Toronto police invited to take part in NYC Pride March in uniform
Joshua Freeman, CP24.com
Published Monday, May 22, 2017 5:45PM EDT
Last Updated Monday, May 22, 2017 9:41PM EDT
Toronto police have received an invitation to participate in uniform at New York City’s Pride March amid a controversy over the exclusion of uniformed officers from Toronto’s Pride Parade.
In a letter sent to Toronto police on Friday, the Gay Officers Action League requested permission for uniformed TPS officers to join uniformed members of the NYPD Marching band and color guard in the June 25 Pride March in New York City.
The New York City event is the same day as Toronto’s own Pride Parade.
“If Toronto officers would like to march proudly as open LGBTQ criminal justice professionals in a march and they feel it’s important to identify both as an officer and a member of the community – we welcome them with open arms,” Gay Officers Action League President Det. Brian Downey told CP24 in an interview Monday.
The controversy over police participation in the Pride Parade began at last year’s parade, when Black Lives Matter –Toronto halted the parade and refused to budge until a list of demands was signed – one of them being the exclusion of uniformed officers from the parade.
The group argues that some marginalized communities, particularly black and transgendered people, have a hostile relationship with law enforcement and do not feel safe around police officers, making their participation in the event problematic.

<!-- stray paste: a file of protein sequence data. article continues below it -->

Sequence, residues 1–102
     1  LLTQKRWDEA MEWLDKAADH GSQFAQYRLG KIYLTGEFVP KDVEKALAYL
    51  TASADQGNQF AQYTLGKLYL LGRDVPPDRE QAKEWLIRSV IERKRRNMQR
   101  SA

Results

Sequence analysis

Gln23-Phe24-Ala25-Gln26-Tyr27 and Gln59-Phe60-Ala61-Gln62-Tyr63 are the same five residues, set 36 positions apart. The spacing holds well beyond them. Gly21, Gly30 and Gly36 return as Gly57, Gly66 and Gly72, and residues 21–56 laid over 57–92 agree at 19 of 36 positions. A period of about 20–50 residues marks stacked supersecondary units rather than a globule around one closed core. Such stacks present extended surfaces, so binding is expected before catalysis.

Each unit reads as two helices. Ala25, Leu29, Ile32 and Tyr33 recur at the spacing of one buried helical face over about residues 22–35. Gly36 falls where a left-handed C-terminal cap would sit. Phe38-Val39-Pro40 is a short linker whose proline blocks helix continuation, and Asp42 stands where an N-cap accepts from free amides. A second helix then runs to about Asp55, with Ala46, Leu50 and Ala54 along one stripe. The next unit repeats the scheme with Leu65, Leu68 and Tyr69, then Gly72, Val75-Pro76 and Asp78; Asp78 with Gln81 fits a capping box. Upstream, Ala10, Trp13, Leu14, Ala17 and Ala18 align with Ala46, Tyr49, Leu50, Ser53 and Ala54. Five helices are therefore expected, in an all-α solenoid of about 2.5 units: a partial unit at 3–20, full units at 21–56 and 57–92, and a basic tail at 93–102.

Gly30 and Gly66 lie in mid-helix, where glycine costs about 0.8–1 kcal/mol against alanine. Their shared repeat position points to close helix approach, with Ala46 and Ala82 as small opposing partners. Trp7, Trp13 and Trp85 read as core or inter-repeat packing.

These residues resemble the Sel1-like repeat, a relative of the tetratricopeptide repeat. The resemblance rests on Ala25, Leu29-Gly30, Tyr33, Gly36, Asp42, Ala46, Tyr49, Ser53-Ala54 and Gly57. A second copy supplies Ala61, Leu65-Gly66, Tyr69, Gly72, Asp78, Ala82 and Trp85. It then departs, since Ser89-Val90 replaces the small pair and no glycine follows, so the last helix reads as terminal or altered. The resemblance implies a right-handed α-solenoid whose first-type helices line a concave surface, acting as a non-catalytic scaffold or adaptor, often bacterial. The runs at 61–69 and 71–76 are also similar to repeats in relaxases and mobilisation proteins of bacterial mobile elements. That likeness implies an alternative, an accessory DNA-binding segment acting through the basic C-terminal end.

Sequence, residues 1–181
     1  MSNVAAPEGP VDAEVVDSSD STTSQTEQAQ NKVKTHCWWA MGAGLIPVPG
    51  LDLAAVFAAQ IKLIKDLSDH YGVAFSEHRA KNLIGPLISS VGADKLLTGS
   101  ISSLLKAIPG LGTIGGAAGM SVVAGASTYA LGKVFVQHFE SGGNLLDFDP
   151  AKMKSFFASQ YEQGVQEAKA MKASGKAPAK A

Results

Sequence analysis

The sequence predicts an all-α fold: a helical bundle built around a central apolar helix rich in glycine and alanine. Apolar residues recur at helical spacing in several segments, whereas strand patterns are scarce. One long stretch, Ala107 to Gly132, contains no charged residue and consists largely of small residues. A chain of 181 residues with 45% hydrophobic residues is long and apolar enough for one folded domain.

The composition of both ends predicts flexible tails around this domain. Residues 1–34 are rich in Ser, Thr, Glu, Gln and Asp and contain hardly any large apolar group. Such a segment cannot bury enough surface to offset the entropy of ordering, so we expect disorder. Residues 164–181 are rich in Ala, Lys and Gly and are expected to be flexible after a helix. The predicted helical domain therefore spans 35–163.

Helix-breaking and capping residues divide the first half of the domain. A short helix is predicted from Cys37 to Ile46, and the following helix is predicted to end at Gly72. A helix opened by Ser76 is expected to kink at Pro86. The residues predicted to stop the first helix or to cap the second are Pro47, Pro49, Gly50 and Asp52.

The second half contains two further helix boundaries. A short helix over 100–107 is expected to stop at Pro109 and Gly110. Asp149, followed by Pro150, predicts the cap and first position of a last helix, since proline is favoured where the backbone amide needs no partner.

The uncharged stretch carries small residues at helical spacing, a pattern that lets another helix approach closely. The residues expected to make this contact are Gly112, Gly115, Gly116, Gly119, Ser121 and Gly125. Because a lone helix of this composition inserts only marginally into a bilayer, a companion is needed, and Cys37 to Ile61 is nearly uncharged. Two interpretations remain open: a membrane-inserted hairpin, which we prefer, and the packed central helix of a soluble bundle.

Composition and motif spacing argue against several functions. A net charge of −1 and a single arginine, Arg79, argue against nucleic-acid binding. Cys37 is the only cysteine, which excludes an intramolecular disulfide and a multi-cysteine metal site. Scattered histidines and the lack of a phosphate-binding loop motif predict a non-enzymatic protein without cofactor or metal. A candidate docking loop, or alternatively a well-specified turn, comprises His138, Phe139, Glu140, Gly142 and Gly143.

Then Pride director Mathieu Chantelois signed the list to get the parade moving, but later recanted and said the organization was not bound by the demands.
However in January a surprise motion to adopt the demands at Pride’s annual general meeting was approved by a majority of those in attendance and the organization has moved to implement the changes.
Earlier this year Toronto Police Chief Mark Saunders said that uniformed officers would not participate in this year’s parade as Pride Toronto seeks to sort through the issue of police inclusion among its membership.
Pride Toronto’s new executive director, Olivia Nuamah, has characterized the move as a step back for the organization to listen to all voices and create an event that more fully reflects the needs of all members of the community.
She has said that officers are free to take part in the parade as long as they do so without weapons, uniforms or police vehicles.
However the decision has drawn sharp criticism from some corners, including the Toronto Police Association, some members of the LGBT community and some city councilors.
Earlier this month, Coun. John Campbell brought a motion forward for city council to withhold Pride’s $260,000 grant because of police exclusion. However the idea was rejected by Mayor John Tory and did not find wider support at council.
In an email Monday, a spokesperson for Pride Toronto said the group had no comment on the invitation from the Gay Officers Action League.